Dealing with count 1, we think there was some evidence, though quite inconclusive, that no warrant was issued prior to the search. But the weight of the evidence is so strong and convincing that a warrant was procured as testified to by the officers and disclosed by the warrant itself, that no verdict should be allowed to stand on the supposition that the jury so found.
Evidence was admitted and instructions given to the jury on the question of abuse of the process by the searching officers by use of unnecessary force and injury to the premises in such manner as to render them trespassers ab initio.
Without going into details, the evidence on this line made no case for depriving the officers of the protection of the law on such ground. McGill v. Varin, 213 Ala. 649, 653, 106 So. 44.
It follows that the motion for new trial should have been granted upon the ground that the verdict was not supported by the evidence, so opposed to the convincing weight of the evidence as to be clearly wrong and unjust.Page 343
In view of the fact that some evidence questioned whether a search warrant was issued, and, therefore, a jury question was presented under count 1, affirmative charges with hypothesis, on the whole case (Nos. 1 and 2), were refused without error.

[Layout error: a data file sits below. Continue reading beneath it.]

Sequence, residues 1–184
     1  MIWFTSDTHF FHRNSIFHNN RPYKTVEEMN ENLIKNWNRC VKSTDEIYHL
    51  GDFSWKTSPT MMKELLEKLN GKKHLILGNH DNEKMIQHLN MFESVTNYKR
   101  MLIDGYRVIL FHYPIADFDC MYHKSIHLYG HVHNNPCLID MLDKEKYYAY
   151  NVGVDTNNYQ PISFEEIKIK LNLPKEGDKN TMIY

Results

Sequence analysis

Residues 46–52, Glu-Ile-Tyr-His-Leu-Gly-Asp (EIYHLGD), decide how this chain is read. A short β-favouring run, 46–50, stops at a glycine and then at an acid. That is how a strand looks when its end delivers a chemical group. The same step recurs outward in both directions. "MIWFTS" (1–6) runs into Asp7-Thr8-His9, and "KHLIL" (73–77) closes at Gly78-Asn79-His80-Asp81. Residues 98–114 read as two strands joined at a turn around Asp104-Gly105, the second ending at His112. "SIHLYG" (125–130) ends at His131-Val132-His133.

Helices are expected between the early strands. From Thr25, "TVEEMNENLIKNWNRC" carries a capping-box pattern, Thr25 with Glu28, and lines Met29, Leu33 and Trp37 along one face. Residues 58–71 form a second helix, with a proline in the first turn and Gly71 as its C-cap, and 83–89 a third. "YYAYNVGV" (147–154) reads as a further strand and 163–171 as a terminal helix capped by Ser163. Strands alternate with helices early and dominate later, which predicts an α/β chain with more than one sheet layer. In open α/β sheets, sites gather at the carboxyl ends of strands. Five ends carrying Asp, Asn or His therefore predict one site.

Defendant’s refused charge No. 4, an affirmative instruction on count 1, if the jury were reasonably satisfied a search warrant was issued and served, was faulty in directing a verdict for defendant on that count.
The court is not required to have the jury return a special verdict as to each count. This charge should have instructed that, in the event stated, no recovery could be had on count 1.
Defendant’s refused charges 37 and 38 were faulty, in that they were peremptory charges without hypothesis, such as: “If you believe the evidence.”
For error in denying the motion for new trial, the judgment is reversed and cause remanded.
Reversed and remanded.
ANDERSON, C. J., and GARDNER and FOSTER, JJ. concur.